7          1          1          0.56120          0          
8          1          0          0.86254          1          
8          1          1          0.76612          1          
9          1          0          0.80129          1          
9          1          1          0.67796          1          
10         1          0          0.63276          0          
10         1          1          0.47354          0          
11         1          0          0.82020          1          
11         1          1          0.70426          1          
12         1          0          0.72707          1          
12         1          1          0.58172          0          

Finally, the regression code

proc logistic
    data = dataset;
    strata subject;
    class treatment (ref="0")
        / param=ref;
    model OC(event="1") = treatment after;
    exact treatment after / estimate=both;
run;

With log results:

NOTE: Convergence criterion (ABSGCONV=0) satisfied.
NOTE: Linear dependency among the parameters has been detected.  Iterations will restart.
ERROR: All explanatory variables are dependent on the strata.
NOTE: The SAS System stopped processing this step because of errors.
NOTE: There were 24 observations read from the data set WORK.DATASET.

And selected results:

Exact Parameter Estimates

Parameter   Estimate       Standard Error   95% Confidence Limits   Two-sided p-Value

treatment 1 .          #   .                .          .            . 

after       -1.3474    *   .                -Infinity   0.5391      0.2500 

Note: # indicates that the conditional distribution is degenerate.
* indicates a median unbiased estimate. 

So what's happening?


Replying to @DJohnson:

Yes, that Alison article is a great resource, and I've actually been staring at it for the last few days. I can't see any separation, though. If you look,

proc freq
    data = dataset;
    tables treatment*OC after*OC treatment*after*OC;
run;

The only cell with no outcome=1 is treatment=0, after=1. If you change one of those 6 datapoints to outcome=1,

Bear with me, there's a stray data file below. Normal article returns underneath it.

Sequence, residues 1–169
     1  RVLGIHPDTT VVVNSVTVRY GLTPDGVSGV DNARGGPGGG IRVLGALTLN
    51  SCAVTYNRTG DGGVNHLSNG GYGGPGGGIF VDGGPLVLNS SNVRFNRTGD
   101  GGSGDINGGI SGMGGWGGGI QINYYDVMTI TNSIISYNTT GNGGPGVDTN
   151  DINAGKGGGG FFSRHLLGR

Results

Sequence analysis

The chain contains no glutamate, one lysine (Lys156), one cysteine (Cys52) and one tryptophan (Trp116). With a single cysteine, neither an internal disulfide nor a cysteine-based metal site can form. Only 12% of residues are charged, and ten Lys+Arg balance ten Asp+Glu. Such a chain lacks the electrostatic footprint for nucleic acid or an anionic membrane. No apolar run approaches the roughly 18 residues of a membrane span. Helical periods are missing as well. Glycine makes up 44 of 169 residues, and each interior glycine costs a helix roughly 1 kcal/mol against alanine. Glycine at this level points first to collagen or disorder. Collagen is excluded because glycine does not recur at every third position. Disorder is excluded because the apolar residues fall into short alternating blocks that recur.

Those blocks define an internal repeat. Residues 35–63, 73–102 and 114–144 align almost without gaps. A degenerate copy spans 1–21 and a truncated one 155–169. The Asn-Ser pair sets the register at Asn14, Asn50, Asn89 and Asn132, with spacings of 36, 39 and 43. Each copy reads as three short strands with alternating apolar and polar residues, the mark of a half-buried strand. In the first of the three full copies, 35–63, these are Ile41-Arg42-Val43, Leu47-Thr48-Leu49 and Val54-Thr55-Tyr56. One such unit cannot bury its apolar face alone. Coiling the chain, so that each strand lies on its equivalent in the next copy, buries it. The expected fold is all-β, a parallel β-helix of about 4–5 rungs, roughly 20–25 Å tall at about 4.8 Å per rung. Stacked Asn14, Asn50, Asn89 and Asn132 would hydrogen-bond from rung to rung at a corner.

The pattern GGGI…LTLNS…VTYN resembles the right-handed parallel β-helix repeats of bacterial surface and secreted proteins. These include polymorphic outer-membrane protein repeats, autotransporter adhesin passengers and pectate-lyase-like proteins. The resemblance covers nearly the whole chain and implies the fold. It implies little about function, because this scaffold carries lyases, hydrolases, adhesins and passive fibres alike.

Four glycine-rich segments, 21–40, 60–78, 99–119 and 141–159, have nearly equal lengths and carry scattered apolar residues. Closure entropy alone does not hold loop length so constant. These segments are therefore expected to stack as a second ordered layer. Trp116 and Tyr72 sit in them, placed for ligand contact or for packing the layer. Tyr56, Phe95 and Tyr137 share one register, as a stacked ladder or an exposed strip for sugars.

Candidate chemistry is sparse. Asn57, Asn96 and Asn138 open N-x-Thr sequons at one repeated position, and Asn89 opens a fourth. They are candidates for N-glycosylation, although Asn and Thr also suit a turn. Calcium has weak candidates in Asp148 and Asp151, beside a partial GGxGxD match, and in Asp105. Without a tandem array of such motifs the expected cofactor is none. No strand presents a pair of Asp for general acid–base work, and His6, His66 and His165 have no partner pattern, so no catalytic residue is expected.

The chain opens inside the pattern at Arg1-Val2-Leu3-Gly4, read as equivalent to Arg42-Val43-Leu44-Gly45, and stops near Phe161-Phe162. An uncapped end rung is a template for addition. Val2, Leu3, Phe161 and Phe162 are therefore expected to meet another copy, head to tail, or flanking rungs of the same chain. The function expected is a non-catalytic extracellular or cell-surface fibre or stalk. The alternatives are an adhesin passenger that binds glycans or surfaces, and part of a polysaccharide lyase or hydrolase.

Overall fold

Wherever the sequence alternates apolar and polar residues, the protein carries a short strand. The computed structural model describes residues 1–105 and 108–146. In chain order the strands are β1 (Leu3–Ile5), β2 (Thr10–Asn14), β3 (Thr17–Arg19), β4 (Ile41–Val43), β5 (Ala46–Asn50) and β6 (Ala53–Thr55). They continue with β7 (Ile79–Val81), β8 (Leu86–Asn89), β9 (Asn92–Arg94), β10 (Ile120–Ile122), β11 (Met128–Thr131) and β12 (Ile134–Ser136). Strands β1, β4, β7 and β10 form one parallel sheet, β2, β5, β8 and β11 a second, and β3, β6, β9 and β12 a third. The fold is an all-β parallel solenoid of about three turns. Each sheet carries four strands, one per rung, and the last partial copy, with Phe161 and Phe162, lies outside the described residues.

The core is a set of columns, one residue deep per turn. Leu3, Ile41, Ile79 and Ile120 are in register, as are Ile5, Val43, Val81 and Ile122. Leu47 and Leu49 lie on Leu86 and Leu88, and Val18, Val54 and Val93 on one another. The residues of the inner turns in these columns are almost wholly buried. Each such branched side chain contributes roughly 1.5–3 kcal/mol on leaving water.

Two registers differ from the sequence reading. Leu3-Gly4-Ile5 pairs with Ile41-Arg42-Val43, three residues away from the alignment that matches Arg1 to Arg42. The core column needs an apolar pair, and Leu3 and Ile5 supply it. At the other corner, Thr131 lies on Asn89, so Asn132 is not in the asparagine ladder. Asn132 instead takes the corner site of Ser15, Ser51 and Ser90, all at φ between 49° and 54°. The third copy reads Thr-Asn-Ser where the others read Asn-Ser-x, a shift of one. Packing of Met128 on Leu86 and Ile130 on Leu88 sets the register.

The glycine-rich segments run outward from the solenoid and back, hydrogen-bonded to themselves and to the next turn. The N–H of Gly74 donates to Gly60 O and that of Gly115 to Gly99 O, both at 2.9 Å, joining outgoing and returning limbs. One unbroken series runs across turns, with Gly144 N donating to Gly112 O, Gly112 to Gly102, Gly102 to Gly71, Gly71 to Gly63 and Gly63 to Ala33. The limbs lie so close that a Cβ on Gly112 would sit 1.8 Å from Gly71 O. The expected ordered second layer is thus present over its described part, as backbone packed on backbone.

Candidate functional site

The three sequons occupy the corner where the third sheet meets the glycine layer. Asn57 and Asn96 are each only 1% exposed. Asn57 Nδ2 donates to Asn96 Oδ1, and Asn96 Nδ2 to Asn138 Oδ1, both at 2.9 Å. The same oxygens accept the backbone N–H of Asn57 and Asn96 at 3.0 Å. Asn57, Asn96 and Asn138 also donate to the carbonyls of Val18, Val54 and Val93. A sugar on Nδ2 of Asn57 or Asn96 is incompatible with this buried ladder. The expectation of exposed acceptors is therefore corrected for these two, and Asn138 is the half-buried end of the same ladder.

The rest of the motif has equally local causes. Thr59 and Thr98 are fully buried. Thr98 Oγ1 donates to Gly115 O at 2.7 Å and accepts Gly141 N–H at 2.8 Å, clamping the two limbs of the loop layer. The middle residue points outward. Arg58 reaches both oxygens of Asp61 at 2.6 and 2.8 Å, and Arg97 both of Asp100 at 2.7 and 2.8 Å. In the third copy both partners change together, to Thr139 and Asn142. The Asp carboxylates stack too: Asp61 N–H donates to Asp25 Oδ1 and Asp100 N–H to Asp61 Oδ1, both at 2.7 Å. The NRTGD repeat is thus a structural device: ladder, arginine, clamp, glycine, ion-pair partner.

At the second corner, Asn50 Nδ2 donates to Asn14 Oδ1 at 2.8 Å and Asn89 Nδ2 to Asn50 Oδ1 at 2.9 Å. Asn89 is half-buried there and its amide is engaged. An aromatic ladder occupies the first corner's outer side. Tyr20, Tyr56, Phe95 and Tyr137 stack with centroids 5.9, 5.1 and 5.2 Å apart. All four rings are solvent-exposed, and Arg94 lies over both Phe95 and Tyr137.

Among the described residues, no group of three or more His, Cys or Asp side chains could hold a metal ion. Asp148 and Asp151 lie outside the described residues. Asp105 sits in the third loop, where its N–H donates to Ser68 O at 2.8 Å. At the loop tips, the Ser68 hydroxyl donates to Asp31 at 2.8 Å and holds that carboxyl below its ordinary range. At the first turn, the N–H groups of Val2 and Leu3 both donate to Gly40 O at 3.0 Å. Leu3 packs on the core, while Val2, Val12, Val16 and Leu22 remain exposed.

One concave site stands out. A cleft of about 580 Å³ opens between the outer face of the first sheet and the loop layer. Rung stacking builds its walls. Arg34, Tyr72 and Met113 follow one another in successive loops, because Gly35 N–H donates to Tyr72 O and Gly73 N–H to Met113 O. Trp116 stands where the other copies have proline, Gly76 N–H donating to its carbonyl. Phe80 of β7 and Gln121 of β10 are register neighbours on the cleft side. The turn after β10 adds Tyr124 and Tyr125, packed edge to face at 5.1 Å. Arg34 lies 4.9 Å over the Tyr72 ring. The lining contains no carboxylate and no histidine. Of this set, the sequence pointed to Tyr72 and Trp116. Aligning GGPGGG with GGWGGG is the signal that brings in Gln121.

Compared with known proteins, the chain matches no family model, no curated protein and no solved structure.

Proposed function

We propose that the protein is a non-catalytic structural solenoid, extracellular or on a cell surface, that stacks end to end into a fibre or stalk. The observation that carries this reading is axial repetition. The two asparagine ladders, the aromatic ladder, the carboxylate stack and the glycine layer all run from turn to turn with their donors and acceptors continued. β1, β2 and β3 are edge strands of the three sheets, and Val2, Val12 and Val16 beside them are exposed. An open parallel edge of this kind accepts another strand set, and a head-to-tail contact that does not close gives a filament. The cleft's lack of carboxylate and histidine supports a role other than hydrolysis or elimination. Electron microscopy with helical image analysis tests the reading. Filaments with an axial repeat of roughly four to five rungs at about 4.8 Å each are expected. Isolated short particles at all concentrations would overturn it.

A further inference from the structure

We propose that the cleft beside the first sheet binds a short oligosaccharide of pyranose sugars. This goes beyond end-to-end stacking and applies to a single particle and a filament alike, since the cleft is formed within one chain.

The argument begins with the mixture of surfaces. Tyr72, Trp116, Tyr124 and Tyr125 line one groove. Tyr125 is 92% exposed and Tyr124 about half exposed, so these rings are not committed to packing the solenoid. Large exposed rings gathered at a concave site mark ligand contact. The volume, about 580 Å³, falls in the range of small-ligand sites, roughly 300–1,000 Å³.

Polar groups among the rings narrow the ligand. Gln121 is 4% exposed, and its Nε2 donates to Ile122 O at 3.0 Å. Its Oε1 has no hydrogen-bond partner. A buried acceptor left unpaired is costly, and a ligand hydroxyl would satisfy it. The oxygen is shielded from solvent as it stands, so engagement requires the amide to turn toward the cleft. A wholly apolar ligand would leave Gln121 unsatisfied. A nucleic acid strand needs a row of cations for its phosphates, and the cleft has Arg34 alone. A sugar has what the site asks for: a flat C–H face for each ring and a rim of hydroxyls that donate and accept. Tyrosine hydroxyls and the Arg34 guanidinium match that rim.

data dataset2;
    set dataset;
    if (treatment=0 & after=1 & subject=3) then do;
        OC=1;
    end;
run;

regression still gets the exact same error.

Also, as Alison says,

Exact logistic regression is designed to produce exact p-values for the null hypothesis that a specified predictor variable has a coefficient of 0, conditional on all the other predictors. These p-values, based on permutations of the data rather than on large-sample chi-square approximations, are essentially unaffected by complete or quasi-complete separation.

so why would this be a problem anyway?

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You have provided abundant documentation regarding the errors SAS is giving you. Paul Allison's excellent and clearly articulated SAS proceedings paper -- http://www2.sas.com/proceedings/forum2008/360-2008.pdf -- goes into great detail about the reasons for any failures of maximum likelihood estimation. To me it sounds like your strata are linear combinations of Y, the other predictors, or both. Why not do a Proc Freq using the LIST option and look for it that way?

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  • $\begingroup$ Allison is so lucid. And he is very responsive to questions from the general public. $\endgroup$ – Mike Hunter Oct 27 '15 at 13:52